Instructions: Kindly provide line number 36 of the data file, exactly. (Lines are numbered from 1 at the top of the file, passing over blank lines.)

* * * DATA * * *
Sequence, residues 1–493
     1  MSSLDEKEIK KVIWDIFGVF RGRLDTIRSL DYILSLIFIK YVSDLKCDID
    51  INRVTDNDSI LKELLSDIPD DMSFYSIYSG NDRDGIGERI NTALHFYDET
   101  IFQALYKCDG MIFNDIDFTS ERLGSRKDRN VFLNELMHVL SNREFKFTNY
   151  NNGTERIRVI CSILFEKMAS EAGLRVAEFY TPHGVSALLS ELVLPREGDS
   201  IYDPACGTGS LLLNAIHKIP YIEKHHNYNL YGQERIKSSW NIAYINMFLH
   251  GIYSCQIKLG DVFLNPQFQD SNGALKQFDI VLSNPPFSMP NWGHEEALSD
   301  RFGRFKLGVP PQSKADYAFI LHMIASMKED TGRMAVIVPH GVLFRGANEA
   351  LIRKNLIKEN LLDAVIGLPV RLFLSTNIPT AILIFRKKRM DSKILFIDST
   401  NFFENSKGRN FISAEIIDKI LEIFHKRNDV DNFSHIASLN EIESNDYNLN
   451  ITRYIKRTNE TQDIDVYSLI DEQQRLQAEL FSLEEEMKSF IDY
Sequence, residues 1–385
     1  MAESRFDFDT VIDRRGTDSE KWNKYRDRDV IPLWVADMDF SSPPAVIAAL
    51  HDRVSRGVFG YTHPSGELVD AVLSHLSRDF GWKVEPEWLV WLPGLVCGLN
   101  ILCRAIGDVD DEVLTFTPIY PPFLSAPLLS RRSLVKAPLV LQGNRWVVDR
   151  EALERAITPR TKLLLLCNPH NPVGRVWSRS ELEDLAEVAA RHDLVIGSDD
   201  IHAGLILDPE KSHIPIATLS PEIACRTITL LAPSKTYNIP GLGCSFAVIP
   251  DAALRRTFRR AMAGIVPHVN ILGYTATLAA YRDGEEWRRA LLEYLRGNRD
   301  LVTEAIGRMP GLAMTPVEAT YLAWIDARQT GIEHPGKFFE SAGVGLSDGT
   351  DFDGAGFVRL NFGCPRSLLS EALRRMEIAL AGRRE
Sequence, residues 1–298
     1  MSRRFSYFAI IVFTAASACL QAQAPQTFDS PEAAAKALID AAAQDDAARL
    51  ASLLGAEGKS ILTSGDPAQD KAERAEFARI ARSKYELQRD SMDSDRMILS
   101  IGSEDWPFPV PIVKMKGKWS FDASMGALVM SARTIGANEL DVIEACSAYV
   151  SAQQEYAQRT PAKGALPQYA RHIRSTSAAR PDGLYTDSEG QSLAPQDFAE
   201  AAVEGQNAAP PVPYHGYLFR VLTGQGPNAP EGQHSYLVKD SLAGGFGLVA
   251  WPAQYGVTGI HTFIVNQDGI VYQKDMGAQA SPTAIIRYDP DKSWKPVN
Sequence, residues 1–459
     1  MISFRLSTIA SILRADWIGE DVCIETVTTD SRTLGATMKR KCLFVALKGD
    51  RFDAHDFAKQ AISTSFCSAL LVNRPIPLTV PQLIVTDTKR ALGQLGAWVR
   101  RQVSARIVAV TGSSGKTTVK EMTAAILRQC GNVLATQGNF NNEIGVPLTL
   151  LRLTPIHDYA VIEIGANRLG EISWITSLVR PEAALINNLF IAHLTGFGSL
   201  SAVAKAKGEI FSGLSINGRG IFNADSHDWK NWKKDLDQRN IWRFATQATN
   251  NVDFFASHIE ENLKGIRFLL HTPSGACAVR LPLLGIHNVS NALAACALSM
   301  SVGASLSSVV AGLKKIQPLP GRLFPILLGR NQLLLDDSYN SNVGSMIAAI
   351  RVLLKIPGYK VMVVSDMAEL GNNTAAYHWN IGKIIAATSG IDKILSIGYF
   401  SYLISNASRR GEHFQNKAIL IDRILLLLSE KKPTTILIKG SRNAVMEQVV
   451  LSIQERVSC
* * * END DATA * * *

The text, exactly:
   351  RVLLKIPGYK VMVVSDMAEL GNNTAAYHWN IGKIIAATSG IDKILSIGYF